The 1848 census says that the Ruthenian community counted 8,500 souls. According to the first state census of the Kingdom of the SHS in 1921, there were 20,383 Ruthenians, and in 1971 there were 24,640 Ruthenians in Yugoslavia. In the census of 2002, there were 15,905 citizens who declared themselves as Ruthenian in Serbia, which comprises 0.2% of the population of the Republic of Serbia. Out of all the settlements inhabited by Ruthenians, Ruski Krstur and Kucura remained the two biggest and most significant Ruthenian centres. Krstur, a village with 6,000 residents, with its educational, cultural and ecclesiastical institutions, presents the heart of Ruthenians in Serbia. Today Kucura has about 5,000 inhabitants, out of whom about 3,000 are Ruthenians.
LANGUAGE AND SCRIPT
Historically, the Ruthenians belong to the Eastern Slavs. In the Middle Ages the name Rusnaci (Rusyns) was used for all inhabitants of Kievan Rus. Borders and states changed through the centuries. In the 19th century, this ethnonym defined all the Eastern Slavic subjects of the Habsburg Monarchy who lived in Galicia and northeastern Hungary. Ruthenians call their language “Russian” and write in Cyrillic. Anyone who knows the Ruthenian language can easily understand all Slavic languages, especially the languages of the Carpathian area.
For over a century, Ruthenians have been publishing books in their vernacular. The language of Ruthenians in Serbia today is considered to be the youngest Slavic literary language. For this, the Ruthenians should thank the work of Havrijil Kosteljnik, who was born in 1886 in Ruski Krstur. He was one of the most educated and renowned Ruthenians of Vojvodina – a priest, doctor of philosophy, university professor and writer. Although he spent most of his tumultuous life in Lviv, he had a crucial influence on the cultural and national development of the Ruthenians of Vojvodina. As a high school student, in 1904 the young Kosteljnik published the poetic wreath From My Village. The work is written in the vernacular and is the foundation of artistic literature at Ruthenians in Vojvodina.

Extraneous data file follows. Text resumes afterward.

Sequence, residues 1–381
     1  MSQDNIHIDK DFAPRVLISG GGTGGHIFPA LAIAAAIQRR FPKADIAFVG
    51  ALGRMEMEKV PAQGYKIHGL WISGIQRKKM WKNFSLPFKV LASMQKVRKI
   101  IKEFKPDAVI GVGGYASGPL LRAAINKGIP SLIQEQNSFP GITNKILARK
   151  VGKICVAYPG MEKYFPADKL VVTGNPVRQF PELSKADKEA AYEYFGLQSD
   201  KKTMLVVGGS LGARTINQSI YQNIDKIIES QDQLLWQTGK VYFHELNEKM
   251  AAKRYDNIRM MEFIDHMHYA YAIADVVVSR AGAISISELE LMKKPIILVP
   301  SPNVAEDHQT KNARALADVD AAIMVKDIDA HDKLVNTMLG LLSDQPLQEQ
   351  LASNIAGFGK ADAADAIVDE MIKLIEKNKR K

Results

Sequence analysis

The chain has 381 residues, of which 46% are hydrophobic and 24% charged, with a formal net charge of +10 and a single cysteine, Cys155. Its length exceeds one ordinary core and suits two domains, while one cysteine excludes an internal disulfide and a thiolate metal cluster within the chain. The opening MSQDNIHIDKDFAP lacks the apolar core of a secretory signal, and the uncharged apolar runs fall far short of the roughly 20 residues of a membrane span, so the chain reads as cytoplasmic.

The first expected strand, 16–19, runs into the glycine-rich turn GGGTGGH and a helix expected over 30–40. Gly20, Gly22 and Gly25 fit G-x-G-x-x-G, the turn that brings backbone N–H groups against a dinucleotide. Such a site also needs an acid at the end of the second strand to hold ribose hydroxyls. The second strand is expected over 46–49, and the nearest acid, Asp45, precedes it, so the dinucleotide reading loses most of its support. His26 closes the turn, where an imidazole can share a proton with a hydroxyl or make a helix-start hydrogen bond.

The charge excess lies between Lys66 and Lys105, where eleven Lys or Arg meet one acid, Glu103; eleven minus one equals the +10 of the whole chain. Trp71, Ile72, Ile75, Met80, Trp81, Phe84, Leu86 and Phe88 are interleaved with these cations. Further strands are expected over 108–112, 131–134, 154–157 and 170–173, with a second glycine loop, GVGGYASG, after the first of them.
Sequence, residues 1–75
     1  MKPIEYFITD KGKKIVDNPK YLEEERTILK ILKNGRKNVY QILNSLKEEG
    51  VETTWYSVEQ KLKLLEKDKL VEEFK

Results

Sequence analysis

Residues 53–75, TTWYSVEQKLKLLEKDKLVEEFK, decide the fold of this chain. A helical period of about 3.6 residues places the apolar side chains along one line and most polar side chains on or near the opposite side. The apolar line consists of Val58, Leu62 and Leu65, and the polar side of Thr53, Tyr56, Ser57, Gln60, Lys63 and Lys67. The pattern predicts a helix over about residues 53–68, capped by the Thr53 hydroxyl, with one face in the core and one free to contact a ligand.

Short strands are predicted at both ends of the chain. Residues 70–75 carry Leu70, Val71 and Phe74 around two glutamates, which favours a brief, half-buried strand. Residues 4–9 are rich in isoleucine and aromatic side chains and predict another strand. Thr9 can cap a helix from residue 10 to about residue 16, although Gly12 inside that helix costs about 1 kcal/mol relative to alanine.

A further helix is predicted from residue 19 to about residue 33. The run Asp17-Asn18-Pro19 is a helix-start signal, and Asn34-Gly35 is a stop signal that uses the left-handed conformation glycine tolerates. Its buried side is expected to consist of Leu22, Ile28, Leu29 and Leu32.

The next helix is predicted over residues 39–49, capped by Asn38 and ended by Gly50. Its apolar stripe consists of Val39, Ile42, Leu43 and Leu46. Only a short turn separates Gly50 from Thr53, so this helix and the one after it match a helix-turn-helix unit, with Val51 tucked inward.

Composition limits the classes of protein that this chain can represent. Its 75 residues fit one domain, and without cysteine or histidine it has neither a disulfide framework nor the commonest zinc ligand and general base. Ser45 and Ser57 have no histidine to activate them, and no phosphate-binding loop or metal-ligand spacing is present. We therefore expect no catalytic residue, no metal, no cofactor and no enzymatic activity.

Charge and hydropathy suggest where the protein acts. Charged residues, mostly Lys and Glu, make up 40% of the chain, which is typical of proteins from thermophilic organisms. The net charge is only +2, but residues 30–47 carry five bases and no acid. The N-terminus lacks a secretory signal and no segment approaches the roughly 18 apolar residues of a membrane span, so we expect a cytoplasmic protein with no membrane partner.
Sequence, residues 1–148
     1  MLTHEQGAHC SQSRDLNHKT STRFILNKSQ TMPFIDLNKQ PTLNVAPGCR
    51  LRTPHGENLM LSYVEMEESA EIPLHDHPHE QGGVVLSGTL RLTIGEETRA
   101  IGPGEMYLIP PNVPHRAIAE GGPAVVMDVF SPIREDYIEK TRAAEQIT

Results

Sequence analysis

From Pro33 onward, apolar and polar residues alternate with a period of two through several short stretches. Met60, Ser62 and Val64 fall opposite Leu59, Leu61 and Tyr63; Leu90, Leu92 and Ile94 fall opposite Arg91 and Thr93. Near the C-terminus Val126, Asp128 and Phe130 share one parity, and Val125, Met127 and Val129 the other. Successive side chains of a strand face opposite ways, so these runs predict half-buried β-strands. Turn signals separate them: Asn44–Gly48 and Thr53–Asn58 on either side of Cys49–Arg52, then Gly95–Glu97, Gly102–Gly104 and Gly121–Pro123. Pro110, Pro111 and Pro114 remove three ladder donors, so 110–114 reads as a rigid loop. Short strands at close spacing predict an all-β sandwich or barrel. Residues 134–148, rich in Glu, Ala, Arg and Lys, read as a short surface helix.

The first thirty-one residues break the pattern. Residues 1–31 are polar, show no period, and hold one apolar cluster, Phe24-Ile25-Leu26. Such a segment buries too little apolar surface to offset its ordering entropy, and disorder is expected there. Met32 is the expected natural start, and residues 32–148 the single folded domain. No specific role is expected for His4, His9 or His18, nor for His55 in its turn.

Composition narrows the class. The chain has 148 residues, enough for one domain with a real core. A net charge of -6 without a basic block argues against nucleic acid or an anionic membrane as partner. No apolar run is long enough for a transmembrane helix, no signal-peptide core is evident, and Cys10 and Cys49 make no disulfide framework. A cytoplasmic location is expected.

In 1923, he also compiled a Grammar of Bačka-Ruthenian speech and thus codified the language of the present-day Ruthenian community in Serbia. Kosteljnik wrote in five European languages and published over twenty books. What he created in the Ruthenian language became the foundation of the Ruthenian culture and national identity in Vojvodina.
During the tumultuous changes that occurred after the end of the First World War, as many as 21 representatives from Ruthenian communities in Bačka participated in the Great National Assembly, held in late 1918 in Novi Sad, when the accession of present-day Vojvodina to the Kingdom of Serbia was proclaimed. The parish priest of the Greek-Catholic Church in Novi Sad, Jovan Hranilović, was the first chairman at the Grand National Assembly.
Shortly after the event, the Bačko-Srem Ruthenians convened their first assembly, at which they founded the Ruthenian People’s Education Society – the Enlightenment (“Prosveta”). The Assembly was held on 2nd July, 1919 in Novi Sad. With the creation of the first Yugoslav state, this small community experienced its own cultural and national revival. Materially, especially, aided and abetted by the clergy during this period, the Enlightenment published textbooks, books, journals and organized cultural life.
The nurturing of national culture and art at Ruthenians has had a long tradition. In places where Ruthenians live, there are cultural and artistic societies that organize traditional cultural manifestations of wider significance. All Ruthenian programs in Serbia are united and coordinated by the National Council of Ruthenian National Communities.
In order to preserve, promote and develop the culture of the Vojvodinian Ruthenians, the APV Assembly and the National Council of the Ruthenian National Community established the Institute for the Culture of the Ruthenian Ruthenians in 2008.